Zion National Park

Zion National Park
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Utah's oldest and most visited national park, Zion National Park is located in southwestern Utah.

Zion National ParkMost of the park's 147,000 acres are located within Washington County; however, the extreme eastern section of the park is in Kane County, while the park's northern tip extends into Iron County. Zion Canyon is located on the southern part of the Markagunt Plateau. It is cut by tributaries of the Virgin River which have left eroded canyon walls and monoliths that are beautiful and overpowering.

 


Zion National ParkZion Canyon presents a diverse collection of nature's wonders that include such features as the towering and magnificent 2,200-foot Great White Throne, the park's most famous landmark; the Court of the Patriarchs; the Sentinel; the Watchman; Checkerboard Mesa; Kolob Arch, at 310 feet the world's largest known natural span; and the Narrows of the Virgin River, where a person can walk upstream to places so narrow that both sides of the canyon walls can almost be touched with one's outstretched hands.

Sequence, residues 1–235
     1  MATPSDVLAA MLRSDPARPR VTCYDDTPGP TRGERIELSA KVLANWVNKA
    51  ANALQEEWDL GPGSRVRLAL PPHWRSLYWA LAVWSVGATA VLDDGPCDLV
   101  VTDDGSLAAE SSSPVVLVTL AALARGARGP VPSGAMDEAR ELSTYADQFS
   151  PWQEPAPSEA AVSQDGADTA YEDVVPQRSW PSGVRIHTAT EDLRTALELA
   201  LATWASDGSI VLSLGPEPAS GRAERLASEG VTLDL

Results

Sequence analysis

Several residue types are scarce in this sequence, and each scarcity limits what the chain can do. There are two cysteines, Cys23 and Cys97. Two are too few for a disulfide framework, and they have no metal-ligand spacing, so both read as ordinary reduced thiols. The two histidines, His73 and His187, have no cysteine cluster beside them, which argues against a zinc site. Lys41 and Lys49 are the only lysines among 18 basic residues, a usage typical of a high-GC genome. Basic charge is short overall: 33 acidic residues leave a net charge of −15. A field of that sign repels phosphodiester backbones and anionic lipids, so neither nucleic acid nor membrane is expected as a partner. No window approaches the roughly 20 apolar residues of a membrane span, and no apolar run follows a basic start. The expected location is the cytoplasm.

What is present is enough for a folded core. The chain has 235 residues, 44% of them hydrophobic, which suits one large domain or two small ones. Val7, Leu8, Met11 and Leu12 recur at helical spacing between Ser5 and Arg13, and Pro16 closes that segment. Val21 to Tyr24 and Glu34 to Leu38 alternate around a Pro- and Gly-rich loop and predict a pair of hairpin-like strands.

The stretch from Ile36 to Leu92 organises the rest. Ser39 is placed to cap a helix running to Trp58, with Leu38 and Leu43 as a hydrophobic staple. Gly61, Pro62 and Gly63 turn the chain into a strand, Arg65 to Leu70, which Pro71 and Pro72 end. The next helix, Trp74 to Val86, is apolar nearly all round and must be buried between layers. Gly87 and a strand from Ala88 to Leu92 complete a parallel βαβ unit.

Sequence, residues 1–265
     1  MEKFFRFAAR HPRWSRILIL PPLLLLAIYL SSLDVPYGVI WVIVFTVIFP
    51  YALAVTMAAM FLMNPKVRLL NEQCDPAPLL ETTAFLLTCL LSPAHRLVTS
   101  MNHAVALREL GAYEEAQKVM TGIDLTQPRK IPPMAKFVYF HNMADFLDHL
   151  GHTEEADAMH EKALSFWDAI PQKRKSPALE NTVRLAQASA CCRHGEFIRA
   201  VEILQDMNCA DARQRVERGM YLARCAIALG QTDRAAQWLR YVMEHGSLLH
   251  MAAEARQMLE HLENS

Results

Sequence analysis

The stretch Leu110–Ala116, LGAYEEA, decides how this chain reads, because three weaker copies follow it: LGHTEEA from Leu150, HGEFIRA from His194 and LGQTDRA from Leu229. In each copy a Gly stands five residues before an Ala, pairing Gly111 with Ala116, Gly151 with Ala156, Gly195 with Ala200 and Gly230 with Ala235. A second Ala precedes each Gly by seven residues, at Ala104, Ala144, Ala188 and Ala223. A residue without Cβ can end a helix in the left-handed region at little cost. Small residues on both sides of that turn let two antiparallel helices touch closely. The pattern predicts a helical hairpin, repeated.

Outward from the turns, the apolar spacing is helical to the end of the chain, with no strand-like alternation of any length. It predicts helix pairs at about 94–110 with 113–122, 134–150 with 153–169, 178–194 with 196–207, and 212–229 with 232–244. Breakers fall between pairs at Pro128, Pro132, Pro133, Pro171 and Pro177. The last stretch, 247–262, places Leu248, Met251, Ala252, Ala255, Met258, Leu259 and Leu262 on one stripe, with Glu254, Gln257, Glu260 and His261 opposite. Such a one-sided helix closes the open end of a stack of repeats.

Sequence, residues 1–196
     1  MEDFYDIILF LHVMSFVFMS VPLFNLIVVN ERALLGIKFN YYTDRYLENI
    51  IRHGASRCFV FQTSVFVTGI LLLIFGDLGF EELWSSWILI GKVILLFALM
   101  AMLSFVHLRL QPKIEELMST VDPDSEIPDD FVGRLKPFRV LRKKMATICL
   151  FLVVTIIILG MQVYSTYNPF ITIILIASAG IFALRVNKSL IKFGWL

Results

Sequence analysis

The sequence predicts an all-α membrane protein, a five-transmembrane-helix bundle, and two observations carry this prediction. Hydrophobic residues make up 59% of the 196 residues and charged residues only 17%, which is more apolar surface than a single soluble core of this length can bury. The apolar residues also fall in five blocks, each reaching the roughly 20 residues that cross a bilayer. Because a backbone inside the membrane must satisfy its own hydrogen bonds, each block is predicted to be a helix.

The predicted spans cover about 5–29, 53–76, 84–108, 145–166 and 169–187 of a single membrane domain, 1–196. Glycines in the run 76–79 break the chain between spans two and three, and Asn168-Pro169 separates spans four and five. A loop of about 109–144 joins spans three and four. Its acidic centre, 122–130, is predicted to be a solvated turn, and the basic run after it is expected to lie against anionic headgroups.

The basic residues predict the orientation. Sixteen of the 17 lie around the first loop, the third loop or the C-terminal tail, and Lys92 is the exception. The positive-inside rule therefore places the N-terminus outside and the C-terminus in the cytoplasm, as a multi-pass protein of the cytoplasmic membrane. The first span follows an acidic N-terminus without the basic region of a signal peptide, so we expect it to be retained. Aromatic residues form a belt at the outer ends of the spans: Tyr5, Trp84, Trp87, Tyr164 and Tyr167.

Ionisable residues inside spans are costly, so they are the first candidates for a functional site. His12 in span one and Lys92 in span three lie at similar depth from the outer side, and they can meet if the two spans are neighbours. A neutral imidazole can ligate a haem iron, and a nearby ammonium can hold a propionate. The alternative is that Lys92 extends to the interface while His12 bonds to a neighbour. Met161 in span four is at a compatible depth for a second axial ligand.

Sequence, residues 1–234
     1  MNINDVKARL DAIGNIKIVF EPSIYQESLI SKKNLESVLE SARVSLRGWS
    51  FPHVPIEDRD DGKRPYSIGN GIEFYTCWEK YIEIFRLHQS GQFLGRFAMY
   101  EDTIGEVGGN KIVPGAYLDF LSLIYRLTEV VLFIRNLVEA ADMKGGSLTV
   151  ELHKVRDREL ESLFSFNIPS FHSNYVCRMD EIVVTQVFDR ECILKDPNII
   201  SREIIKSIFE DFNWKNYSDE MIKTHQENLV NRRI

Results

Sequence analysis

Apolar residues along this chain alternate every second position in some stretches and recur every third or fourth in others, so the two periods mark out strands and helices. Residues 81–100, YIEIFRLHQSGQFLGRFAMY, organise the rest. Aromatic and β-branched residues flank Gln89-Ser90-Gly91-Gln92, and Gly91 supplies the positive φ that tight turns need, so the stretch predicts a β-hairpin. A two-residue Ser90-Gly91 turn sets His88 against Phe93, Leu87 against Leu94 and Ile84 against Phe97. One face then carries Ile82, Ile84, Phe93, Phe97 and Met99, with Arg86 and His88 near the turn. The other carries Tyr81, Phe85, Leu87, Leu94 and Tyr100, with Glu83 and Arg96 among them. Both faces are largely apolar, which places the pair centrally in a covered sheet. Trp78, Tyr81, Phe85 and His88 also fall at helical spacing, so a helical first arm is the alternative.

Zion National ParkProtected within Zion National Park's 229 square miles is a spectacular cliff-and-canyon landscape and wilderness full of the unexpected including Kolob Arch -the world's largest arch - with a span that measures 310 feet. Zion National Park is full of beautiful colors, scenery and wildlife.

Wildlife such as mule deer, golden eagles, and mountain lions, also inhabit the Park. Mukuntuweap National Monument proclaimed July 31, 1909; incorporated in Zion National Monument March 18, 1918; established as a national park on Nov. 19, 1919.


Zion National ParkOne early visitor to Zion Canyon, Frederick S. Dellenbaugh, an artist who had been with John Wesley Powell on his second trip down the Grand Canyon in 1872, spent part of the summer of 1903 painting in Zion Canyon. The paintings were exhibited at the 1904 St. Louis World's Fair and an article about Zion Canyon, "A New Valley of Wonders," was published by Dellenbaugh in the January 1904 issue of Scribner's Magazine. In the article, Dellenbaugh described his first view of the Great Temple, which stands at the entrance to Zion Canyon: "One hardly knows just how to think of it. Never before has such a naked mountain of rock entered our minds. Without a shred of disguise it transcendent form rises pre-eminent. There is almost nothing to compare to it. Niagara has the beauty of energy; the Grand Canyon of immensity; the Yellowstone of singularity; the Yosemite of altitude; the ocean of power; this Great Temple of eternity."

 
 

Zion National Park